A unicorn which makes up part of the Royal Coat of Arms at the entrance to Buckingham Palace has been knocked off by an incoming lorry.
It is understood a contractor’s vehicle damaged the North Centre Gate yesterday morning.
A source told the Evening Standard: “It was knocked off by a builder’s lorry.”
Pictures showed the unicorn in pieces on the floor, with an empty space left on the gate’s crest.
One passer-by said on Twitter: “Alas poor unicorn, knocked off from its perch on the gates of Buckingham Palace.”
The gate bearing the Royal Coat of Arms is considered the everyday entrance to the Palace.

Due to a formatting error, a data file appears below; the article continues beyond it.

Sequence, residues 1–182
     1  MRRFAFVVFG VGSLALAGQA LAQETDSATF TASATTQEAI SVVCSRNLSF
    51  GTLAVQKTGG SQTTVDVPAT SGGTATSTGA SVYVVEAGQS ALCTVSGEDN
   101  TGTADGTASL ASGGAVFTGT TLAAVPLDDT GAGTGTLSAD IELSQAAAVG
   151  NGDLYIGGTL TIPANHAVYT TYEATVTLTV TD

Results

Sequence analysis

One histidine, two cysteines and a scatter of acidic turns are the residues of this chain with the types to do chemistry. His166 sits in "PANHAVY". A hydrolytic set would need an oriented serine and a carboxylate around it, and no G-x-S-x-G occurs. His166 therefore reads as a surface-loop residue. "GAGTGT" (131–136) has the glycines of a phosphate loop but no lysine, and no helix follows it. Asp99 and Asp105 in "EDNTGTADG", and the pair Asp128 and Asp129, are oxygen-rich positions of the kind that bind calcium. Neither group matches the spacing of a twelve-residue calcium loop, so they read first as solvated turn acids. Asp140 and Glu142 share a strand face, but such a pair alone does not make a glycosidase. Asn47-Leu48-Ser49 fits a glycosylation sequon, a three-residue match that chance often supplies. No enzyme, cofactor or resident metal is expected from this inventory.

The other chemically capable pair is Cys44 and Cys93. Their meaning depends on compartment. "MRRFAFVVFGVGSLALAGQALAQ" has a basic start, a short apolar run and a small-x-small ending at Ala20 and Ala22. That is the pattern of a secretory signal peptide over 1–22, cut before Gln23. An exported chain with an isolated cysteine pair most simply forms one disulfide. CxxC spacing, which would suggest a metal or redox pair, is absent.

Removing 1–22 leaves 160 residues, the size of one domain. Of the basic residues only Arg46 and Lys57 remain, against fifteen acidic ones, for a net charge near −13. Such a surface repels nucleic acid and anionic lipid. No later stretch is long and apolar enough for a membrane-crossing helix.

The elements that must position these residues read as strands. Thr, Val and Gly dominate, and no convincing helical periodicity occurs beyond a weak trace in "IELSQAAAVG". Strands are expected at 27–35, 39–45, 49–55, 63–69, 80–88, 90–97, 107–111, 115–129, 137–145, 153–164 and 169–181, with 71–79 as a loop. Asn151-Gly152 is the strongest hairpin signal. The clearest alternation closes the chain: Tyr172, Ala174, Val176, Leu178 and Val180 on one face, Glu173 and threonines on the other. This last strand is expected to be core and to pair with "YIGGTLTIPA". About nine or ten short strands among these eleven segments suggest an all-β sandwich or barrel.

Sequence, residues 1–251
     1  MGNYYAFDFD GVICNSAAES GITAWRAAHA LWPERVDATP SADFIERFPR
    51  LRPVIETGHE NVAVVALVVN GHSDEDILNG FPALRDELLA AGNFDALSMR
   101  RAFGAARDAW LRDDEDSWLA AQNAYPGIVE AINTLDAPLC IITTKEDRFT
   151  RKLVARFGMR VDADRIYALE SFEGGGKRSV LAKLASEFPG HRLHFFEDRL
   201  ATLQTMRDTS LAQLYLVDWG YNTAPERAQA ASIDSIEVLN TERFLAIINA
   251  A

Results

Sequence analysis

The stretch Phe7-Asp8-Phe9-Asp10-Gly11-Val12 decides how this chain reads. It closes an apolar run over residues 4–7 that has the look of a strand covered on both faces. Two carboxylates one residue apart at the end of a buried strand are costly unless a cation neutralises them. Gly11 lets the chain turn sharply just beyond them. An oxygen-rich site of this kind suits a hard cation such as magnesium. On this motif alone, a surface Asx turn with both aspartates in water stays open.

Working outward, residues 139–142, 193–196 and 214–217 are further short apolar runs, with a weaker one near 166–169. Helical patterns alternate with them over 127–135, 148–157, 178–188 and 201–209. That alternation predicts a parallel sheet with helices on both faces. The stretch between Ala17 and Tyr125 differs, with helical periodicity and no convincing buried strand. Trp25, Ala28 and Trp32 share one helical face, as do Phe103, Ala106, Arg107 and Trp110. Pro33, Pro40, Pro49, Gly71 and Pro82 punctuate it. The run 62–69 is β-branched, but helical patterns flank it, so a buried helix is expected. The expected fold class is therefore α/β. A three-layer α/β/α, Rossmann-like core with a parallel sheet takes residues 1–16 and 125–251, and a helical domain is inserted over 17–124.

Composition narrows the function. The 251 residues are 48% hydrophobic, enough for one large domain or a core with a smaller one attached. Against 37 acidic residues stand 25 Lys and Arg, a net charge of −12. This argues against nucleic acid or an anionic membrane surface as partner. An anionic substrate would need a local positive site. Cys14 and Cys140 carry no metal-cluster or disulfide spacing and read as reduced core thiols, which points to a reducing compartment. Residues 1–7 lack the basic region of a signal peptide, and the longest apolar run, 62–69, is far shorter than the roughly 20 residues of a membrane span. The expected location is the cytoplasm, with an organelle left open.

The crest’s lion represents England while the unicorn symbolises Scotland.
Designed by Walter Gilbert and Louis Weingarten of the Bromsgrove Guild of Applied Arts, the gates and railings of the Palace were installed in 1911.
A Buckingham Palace spokesperson said: “We can confirm an incident took place yesterday morning where a lorry damaged the North Centre Gate at Buckingham Palace.
“The matter is currently being investigated.”
Nobody was hurt during the incident and there was no security risk. The Metropolitan Police said there was no criminal investigation.
A Palace spokeswoman has said they intend to fix the crest as quickly as possible.
News from The Evening Standard